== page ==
“You should never use your debit card because it is not as safe as your credit card!”
This is a myth that needs to be busted, and sadly I will probably be fighting this myth for the rest of my life. There is a false narrative that credit cards are safer than debit cards when it comes to fraud and identity theft.
In this post, we are going to explore the two different types of cards and the protections that are afforded in the event of fraud and identity theft.
All credit cards have a processing company (such as Visa or Mastercard), as well as a member bank, who is the creditor for the account and line of credit.
Depending on the credit card processing company, there may be protections against credit card fraud and theft. While consumer laws limit consumer liability on credit card fraud and theft to $50, Visa and Mastercard (the two largest credit card issuers) require member banks to uphold a “zero liability policy.”
What does this mean for you? If your credit card has the Visa or Mastercard logo, you have absolutely no liability in situations of theft and/or fraud. If your credit card is stolen or skimmed, you are not responsible for any transactions that you did not authorize.
Debit cards are a bit tricky, and this is where a lot of “financial experts” are completely off-base. The common myth is that debit cards do not have protections against fraud and/or theft.
The reality is that debit cards do have protections in place, but it depends on the type of transaction that is used. Think about when you swipe your debit card to make a purchase; you often have a choice between “credit” and “debit.”
A “credit” transaction on a debit card is the most common and does not require PIN verification. Instead, a signature is (sometimes) required. Once the transaction is approved, it is run through the applicable Visa or Mastercard issuing system (look at whatever logo is on your card). After two business days, the transaction will post to the associated checking account.
Visa and Mastercard require that member banks provide their “zero liability policy” in the event of fraud and/or theft. As a result, all “credit” transactions on debit cards are subject to zero liability.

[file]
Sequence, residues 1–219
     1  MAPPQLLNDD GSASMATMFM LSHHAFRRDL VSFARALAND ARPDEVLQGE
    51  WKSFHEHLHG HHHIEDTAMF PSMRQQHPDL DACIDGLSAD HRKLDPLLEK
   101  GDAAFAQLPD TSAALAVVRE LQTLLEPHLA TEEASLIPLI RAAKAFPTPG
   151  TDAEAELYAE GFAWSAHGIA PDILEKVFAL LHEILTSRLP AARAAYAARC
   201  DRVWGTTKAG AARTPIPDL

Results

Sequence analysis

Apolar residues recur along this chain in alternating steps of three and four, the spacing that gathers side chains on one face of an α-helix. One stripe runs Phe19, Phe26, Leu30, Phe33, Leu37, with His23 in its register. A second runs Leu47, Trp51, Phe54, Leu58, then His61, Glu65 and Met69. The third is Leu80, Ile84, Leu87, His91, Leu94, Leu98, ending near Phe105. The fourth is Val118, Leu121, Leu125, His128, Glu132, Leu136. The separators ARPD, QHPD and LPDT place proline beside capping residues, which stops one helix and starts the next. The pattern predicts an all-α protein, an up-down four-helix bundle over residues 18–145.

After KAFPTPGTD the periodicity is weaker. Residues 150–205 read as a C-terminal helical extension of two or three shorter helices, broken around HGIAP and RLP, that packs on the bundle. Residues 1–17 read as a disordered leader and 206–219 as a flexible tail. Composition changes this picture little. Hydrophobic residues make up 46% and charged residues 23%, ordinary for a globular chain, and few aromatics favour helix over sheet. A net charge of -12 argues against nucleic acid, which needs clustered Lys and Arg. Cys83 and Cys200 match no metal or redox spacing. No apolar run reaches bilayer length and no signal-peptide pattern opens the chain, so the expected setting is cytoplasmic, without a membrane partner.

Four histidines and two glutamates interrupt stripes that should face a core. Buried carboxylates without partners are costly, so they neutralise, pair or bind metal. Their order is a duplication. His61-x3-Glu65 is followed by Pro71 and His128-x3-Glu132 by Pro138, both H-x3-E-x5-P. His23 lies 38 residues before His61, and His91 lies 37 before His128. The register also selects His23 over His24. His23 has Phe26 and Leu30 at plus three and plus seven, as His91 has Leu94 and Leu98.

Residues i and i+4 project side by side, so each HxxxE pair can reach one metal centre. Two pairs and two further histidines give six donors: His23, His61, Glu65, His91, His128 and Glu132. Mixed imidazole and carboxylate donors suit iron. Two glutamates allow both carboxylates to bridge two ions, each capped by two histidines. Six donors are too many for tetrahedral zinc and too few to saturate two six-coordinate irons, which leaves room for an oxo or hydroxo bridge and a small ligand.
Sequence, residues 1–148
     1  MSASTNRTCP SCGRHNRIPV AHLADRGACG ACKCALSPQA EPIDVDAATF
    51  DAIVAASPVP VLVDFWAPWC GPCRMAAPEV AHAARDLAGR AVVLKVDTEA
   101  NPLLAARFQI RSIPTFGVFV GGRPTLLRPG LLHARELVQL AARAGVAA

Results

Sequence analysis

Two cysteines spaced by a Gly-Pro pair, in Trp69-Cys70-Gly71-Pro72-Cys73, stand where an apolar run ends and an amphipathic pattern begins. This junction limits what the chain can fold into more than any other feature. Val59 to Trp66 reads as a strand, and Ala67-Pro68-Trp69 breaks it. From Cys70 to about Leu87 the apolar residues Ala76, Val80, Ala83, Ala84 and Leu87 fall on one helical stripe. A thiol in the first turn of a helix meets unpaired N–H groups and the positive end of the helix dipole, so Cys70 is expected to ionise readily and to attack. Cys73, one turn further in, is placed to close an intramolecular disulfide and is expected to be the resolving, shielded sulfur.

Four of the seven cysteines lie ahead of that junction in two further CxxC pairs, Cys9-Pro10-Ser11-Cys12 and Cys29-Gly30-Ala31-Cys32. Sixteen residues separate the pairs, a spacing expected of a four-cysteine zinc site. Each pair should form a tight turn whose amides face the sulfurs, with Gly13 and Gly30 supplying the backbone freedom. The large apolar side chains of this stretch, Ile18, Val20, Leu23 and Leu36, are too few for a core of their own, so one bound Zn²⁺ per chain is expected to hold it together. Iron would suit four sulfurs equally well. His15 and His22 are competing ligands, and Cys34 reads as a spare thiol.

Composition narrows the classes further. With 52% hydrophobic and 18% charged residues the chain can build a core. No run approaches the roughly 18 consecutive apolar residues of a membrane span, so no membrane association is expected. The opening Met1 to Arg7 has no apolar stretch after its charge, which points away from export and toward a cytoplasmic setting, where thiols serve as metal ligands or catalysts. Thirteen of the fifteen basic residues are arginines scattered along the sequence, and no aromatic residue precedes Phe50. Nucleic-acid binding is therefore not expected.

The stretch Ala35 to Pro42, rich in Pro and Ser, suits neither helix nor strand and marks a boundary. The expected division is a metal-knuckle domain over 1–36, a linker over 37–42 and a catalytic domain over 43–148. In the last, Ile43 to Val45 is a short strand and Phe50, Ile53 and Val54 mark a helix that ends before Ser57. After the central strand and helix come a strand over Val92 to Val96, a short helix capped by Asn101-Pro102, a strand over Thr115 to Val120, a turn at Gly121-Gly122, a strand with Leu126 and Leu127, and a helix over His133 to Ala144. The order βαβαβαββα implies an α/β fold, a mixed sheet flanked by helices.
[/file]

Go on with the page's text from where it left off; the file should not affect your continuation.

A “debit” transaction on a debit card is when you swipe, choose debit, enter a PIN for verification, and have the possibility of getting cash back. This type of transaction is rare these days (I rarely, if ever, use it). A debit transaction is run through an “electronic funds transfer” system and is run directly through your bank.
Visa and Mastercard have absolutely no involvement in these types of transactions, thus their “zero liability policy” does not apply.
Debit transactions are regulated by the Electronic Funds Transfer Act (EFTA), which is a federal act. This act limits liability due to theft and fraud by the following:
- $50 maximum liability if the theft/fraud is reported within 2 business days of the occurrence
- $500 maximum liability if the theft/fraud is reported past 2 business days of the occurrence, but within 60 days of the bank statement that shows the fraud
- $500 plus any fraudulent charges after the 60 day “grace period” if the theft/fraud is not reported until after 60 days after the bank statement with the fraud was sent by the bank.
Think about this from an identity thief’s perspective for a moment…
If you have stolen (or skimmed) someone’s debit card, which type of transaction are you likely to use? Probably credit, right? Think about it. Signatures are only sometimes required, identification is rarely requested, and a PIN is not needed.
Fraudsters and identity thieves are much more likely to use credit transactions on stolen debit cards. If it was your debit card that was stolen or skimmed, you will not owe anything since you did not authorize the transaction. Fraudsters and identity thieves are not likely to use debit transactions because it is unlikely that they will know the PIN. In the off chance that they do learn your PIN, then you will need to report the fraud immediately.
Debit cards offer virtually the same protections as credit cards. The one key difference is this:
If your debit card is stolen and charged up, you will be out the money until the bank replenishes your account. This means that you could be out of money for a few days. This could be an inconvenience, unless you have an insane amount of money in your account.
If your credit card is stolen, then you are not out any money. You are simply out the “credit limit” for a short period of time.
I hope this all makes sense!